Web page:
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J Membr Biol. 1990 Feb;113(2):155-67.

Preferred apical distribution of glycosyl-phosphatidylinositol (GPI) anchored proteins: a highly conserved feature of the polarized epithelial cell phenotype.

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Department of Cell Biology and Anatomy, Cornell University Medical College, New York, New York 10021.


We use a sensitive biotin polarity assay to survey the surface distribution of glycosyl-phosphatidylinositol (GPI) anchored proteins in five model epithelial cell lines derived from different species (dog, pig, man) and tissues, i.e., kidney (MDCK I, MDCK II, LLC-PK1) and intestine (Caco-2 and SK-CO15). After biotinylation of apical or basolateral surfaces of confluent monolayers grown on polycarbonate filters, GPI-anchored proteins are identified by their shift from a Triton X-114 detergent-rich phase to a detergent-poor phase in the presence of phosphatidylinositol-specific phospholipase C. All GPI-anchored proteins detected (3-9 per cell type, at least 13 different proteins) are found to be apically polarized; no GPI-anchored protein is observed preferentially localized to the basal surface. One of the GPI-anchored proteins is identified as carcinoembryonic antigen (CEA). Survey of MDCK II-RCAr, a mutant cell line with a pleiotropic defect in galactosylation of glycoproteins and glycolipids (that presumably affects GPI anchors) also reveals an apical polarization of all GPI-anchored proteins. In contrast, analysis of MDCK II-ConAr (a mutant cell line with an unknown defect in glycosylation) revealed five GPI-anchored proteins, two of which appeared relatively unpolarized. Our results indicate that the polarized apical distribution of GPI-anchored proteins is highly conserved across species and tissue-type and may depend on glycosylation.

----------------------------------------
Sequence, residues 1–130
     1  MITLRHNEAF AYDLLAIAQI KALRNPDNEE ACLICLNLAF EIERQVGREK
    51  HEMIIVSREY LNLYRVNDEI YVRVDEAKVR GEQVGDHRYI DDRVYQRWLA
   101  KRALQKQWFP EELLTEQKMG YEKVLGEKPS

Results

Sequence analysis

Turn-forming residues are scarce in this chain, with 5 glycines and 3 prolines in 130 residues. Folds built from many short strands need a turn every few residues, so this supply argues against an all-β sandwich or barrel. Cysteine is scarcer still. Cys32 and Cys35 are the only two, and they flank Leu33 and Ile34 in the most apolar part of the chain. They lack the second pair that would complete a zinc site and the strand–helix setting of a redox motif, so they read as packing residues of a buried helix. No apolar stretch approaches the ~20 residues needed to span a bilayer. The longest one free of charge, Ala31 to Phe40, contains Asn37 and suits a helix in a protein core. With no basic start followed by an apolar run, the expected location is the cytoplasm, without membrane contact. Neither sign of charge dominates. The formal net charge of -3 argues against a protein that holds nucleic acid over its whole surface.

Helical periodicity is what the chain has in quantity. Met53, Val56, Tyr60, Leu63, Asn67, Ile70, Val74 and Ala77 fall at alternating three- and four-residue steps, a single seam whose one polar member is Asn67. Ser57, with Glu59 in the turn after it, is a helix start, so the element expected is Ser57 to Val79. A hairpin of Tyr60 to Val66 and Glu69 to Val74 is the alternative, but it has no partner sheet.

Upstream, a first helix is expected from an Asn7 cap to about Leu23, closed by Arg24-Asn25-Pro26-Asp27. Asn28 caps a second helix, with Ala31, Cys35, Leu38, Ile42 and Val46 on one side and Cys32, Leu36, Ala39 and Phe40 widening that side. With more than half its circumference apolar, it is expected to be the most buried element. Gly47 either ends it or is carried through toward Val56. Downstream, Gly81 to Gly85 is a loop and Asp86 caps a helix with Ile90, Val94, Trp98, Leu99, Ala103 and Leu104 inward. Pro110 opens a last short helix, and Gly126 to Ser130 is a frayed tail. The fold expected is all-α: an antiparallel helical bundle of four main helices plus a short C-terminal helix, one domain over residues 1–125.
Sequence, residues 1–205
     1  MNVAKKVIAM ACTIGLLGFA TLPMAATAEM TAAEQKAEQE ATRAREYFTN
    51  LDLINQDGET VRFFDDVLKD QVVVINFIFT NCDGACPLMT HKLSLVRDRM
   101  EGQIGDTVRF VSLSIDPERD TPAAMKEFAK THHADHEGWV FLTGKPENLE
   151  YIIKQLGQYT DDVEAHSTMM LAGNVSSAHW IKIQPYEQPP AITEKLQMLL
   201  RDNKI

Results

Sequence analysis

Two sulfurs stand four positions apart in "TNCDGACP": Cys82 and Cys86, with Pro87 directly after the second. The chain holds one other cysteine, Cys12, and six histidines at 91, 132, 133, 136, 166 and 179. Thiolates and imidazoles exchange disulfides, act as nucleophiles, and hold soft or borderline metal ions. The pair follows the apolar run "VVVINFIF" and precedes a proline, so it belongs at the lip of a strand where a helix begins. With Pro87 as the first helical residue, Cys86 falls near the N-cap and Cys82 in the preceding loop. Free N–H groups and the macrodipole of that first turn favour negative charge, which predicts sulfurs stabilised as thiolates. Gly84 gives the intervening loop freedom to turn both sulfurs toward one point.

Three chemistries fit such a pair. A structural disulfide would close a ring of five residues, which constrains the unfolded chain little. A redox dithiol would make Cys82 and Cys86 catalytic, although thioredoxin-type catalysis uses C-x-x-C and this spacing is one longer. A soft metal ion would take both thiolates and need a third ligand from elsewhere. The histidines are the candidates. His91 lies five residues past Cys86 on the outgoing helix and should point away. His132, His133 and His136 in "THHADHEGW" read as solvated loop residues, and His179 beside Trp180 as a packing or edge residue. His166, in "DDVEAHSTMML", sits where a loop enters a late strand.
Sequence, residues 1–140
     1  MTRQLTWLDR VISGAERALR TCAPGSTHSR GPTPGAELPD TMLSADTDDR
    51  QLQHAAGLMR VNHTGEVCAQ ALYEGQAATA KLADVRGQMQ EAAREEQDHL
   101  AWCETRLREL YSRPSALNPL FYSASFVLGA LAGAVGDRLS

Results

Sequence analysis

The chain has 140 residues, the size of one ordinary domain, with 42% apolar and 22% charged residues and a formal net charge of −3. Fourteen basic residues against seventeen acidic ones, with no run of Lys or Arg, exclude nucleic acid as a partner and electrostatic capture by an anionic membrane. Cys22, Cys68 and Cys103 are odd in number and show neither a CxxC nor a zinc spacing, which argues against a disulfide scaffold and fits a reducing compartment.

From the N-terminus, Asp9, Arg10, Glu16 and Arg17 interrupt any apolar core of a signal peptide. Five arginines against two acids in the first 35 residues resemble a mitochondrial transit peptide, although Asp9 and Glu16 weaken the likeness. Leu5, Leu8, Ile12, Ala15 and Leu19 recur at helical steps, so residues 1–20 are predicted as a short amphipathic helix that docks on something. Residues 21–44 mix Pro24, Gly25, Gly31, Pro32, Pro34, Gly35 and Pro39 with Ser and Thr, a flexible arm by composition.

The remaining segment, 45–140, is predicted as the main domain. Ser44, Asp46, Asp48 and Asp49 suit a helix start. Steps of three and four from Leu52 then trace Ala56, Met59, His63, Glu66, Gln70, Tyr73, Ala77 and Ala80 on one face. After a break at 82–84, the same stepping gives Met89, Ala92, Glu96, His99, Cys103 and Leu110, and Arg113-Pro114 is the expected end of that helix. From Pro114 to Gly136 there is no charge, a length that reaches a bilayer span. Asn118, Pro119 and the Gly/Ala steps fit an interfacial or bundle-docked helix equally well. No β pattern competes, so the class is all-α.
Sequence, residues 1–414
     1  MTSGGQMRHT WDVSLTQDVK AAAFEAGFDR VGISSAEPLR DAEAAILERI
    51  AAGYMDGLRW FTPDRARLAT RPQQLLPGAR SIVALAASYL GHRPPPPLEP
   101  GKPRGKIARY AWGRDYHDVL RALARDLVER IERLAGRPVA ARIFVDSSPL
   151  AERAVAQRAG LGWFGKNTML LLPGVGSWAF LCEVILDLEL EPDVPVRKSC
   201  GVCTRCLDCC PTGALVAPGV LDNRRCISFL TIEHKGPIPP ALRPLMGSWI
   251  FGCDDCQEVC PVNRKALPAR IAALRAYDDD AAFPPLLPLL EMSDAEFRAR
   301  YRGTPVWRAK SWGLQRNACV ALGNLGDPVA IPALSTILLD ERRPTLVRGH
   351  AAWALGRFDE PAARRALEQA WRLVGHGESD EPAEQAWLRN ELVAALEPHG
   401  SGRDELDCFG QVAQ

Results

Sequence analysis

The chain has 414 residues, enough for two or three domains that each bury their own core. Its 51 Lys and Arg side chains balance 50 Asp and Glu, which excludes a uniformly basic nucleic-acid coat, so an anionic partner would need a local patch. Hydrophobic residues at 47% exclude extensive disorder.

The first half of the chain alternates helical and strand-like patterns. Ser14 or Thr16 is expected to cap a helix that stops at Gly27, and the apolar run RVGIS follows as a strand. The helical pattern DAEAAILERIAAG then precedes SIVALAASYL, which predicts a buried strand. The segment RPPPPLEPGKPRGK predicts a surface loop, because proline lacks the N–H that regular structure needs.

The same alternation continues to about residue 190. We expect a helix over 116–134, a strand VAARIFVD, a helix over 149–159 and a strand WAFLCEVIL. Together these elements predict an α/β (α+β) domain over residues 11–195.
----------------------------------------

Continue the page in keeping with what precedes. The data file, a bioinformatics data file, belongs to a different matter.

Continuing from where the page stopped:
[Indexed for MEDLINE]

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